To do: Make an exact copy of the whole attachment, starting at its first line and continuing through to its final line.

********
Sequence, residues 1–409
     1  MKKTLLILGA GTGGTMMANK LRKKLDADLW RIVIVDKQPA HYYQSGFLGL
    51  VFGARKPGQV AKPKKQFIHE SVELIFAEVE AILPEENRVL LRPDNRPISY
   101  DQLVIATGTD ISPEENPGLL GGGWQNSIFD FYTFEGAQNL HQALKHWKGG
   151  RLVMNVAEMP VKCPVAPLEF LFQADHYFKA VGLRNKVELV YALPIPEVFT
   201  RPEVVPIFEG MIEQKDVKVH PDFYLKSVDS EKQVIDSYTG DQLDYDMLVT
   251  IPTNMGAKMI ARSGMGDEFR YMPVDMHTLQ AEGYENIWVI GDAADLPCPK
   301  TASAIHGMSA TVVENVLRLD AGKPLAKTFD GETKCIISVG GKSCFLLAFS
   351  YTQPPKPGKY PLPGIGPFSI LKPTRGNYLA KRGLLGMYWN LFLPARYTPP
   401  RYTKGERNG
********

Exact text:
Sequence, residues 1–409
     1  MKKTLLILGA GTGGTMMANK LRKKLDADLW RIVIVDKQPA HYYQSGFLGL
    51  VFGARKPGQV AKPKKQFIHE SVELIFAEVE AILPEENRVL LRPDNRPISY
   101  DQLVIATGTD ISPEENPGLL GGGWQNSIFD FYTFEGAQNL HQALKHWKGG
   151  RLVMNVAEMP VKCPVAPLEF LFQADHYFKA VGLRNKVELV YALPIPEVFT
   201  RPEVVPIFEG MIEQKDVKVH PDFYLKSVDS EKQVIDSYTG DQLDYDMLVT
   251  IPTNMGAKMI ARSGMGDEFR YMPVDMHTLQ AEGYENIWVI GDAADLPCPK
   301  TASAIHGMSA TVVENVLRLD AGKPLAKTFD GETKCIISVG GKSCFLLAFS
   351  YTQPPKPGKY PLPGIGPFSI LKPTRGNYLA KRGLLGMYWN LFLPARYTPP
   401  RYTKGERNG